Mount Desert Islander, 11/15/19
To the Editor:
I have had the good fortune to serve in the Maine House of Representatives from 2004 to 2012 and now in the State Senate since 2014 and what a difference a few years can make.
Serving in the minority in the legislature during my first several years, I witnessed budget deficits, low wages and economic doldrums that dated back decades. After a couple of years off, I returned to the legislature in 2014 as a state senator, and boy, have things changed for the better.
As a woman, a Republican and a member of the Maine State Senate, I have been fortunate to have had an up-close view of the way the Republican economy of the last few years has improved the lives of all Mainers, especially women.
In various recent statistical reports, Maine ranked first in the United States in the growth of earnings among women-owned businesses and in the growth of wages from 2012 through 2015. According to Forbes magazine in 2019, Maine is second in the nation for women’s access to capital. This is a big reason why Maine has added more than 3,500 new women-owned businesses to our economy.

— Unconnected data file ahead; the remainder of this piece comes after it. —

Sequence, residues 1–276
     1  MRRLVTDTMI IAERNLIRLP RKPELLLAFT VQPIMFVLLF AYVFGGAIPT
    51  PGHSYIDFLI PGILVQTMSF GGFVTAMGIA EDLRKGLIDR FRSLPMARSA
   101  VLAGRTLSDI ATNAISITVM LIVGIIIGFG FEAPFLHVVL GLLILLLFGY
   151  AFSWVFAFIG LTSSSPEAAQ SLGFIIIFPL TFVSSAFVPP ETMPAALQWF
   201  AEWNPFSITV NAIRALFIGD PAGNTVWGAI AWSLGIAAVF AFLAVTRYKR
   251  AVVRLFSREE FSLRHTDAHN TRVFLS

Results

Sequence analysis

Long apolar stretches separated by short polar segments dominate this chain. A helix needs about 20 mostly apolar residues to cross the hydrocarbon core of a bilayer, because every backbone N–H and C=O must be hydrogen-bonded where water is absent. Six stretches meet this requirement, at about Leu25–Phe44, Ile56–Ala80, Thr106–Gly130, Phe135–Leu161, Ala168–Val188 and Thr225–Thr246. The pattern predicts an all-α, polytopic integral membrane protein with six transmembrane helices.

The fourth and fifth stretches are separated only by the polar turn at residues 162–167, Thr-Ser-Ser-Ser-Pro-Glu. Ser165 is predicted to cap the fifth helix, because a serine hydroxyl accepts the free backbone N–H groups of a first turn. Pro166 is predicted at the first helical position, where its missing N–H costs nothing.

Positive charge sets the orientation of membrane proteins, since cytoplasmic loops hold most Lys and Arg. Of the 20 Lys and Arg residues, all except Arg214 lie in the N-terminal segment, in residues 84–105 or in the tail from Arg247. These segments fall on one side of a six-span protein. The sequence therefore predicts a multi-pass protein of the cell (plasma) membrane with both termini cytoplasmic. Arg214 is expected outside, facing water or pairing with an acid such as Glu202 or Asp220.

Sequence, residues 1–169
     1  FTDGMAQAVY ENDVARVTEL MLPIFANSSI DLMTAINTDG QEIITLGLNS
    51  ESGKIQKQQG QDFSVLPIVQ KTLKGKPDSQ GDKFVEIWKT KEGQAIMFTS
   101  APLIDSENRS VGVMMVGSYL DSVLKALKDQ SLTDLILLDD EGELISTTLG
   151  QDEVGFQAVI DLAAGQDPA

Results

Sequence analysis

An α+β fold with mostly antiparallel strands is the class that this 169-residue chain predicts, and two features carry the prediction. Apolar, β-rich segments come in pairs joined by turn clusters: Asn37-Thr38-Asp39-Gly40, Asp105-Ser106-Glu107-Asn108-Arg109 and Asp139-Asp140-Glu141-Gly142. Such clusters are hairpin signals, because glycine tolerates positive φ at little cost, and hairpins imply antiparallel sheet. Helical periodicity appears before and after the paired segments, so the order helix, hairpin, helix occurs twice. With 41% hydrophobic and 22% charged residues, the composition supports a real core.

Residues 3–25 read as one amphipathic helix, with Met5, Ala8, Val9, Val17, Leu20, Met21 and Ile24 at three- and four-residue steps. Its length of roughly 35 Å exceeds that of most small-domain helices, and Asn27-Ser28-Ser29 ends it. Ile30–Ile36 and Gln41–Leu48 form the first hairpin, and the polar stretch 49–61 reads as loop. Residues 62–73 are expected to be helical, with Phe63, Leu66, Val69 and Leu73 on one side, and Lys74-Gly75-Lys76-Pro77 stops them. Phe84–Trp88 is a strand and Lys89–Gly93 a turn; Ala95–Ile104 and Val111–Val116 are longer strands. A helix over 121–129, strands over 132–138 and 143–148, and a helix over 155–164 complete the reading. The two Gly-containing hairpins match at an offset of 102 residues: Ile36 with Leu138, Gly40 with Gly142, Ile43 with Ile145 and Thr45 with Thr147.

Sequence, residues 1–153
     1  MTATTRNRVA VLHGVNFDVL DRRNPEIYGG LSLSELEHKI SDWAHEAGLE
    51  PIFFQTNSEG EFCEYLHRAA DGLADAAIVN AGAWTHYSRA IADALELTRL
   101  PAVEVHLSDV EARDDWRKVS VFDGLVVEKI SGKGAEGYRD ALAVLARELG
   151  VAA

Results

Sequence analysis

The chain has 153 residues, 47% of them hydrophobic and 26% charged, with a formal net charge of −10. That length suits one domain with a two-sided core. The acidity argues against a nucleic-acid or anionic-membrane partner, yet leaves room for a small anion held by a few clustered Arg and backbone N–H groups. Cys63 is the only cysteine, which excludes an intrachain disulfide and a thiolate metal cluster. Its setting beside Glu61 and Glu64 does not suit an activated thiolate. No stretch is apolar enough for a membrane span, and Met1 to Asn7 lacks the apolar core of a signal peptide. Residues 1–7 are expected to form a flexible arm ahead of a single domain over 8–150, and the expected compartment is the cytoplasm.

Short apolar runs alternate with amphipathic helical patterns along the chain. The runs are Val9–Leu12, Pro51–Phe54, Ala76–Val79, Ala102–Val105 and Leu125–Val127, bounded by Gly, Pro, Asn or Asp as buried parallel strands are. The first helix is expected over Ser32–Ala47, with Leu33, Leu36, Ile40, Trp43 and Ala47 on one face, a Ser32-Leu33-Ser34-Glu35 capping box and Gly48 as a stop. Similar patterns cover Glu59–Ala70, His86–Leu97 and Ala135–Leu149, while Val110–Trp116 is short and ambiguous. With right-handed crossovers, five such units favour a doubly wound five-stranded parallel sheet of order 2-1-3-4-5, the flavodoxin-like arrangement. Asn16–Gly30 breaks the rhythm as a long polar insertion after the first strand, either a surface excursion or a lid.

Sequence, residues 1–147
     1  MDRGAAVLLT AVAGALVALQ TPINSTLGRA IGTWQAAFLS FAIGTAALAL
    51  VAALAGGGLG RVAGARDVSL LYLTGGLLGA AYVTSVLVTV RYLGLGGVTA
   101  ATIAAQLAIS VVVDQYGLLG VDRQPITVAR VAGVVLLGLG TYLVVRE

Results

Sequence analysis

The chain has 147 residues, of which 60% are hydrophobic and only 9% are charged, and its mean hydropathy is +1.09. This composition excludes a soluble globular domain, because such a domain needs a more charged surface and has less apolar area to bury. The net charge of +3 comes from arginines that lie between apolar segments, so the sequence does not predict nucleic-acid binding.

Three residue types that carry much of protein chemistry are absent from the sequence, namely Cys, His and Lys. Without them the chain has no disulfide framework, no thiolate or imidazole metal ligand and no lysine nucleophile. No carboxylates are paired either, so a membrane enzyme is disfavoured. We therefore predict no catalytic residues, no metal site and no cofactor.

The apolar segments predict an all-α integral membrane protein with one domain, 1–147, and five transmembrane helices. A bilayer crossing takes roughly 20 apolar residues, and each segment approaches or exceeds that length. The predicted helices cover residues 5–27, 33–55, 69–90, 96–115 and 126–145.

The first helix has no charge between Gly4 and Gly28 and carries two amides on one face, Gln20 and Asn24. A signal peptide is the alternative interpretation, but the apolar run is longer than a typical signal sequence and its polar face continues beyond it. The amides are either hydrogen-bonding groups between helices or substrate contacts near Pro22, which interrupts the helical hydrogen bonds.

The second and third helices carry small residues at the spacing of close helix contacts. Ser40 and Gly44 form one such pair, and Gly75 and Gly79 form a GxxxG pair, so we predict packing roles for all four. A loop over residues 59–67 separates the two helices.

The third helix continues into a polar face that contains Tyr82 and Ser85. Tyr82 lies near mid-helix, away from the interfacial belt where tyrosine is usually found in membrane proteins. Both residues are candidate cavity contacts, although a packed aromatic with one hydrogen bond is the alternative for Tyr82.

An August 2019 survey by WalletHub ranked Maine best in the nation for women’s equality in the workplace and politics. Another recent study shows that Maine also ranks first in the United States in employment vitality for women with the smallest gap of any state between men and women in the workforce. Also, the gap between what men and women earn has narrowed significantly so that Maine’s ranking has improved to eighth among states.
Since 2011, Maine’s unemployment rate, including among women, has fallen from 9.2 percent to 2.9 percent and remained there for twice as long as the previous record low. Today, the average Maine worker earns nearly $7,500 more per year than they did just six years ago.
Maine women have more jobs, own more businesses, earn more money, have more access to capital and, by almost every measure, are more secure economically than ever before.
Men and women are not the only Mainers benefiting greatly from our state’s current economic prosperity. The Maine Children’s Alliance’s 2019 Kids Count report says, “The poverty rate for children in Maine in 2017 was 14.2 percent, a steep decline from 2012 when it was 19.8 percent.” And “Maine’s decline in poverty from 2016-17 was the largest in the country. In one year, nearly 6,400 Maine children were lifted out of poverty.”
Having watched from my seat in Augusta as our state’s economy has gone from way down to way up, I have been happy and fortunate to have been a witness to and a part of this remarkable economic turnaround.
Sen. Kimberley Rosen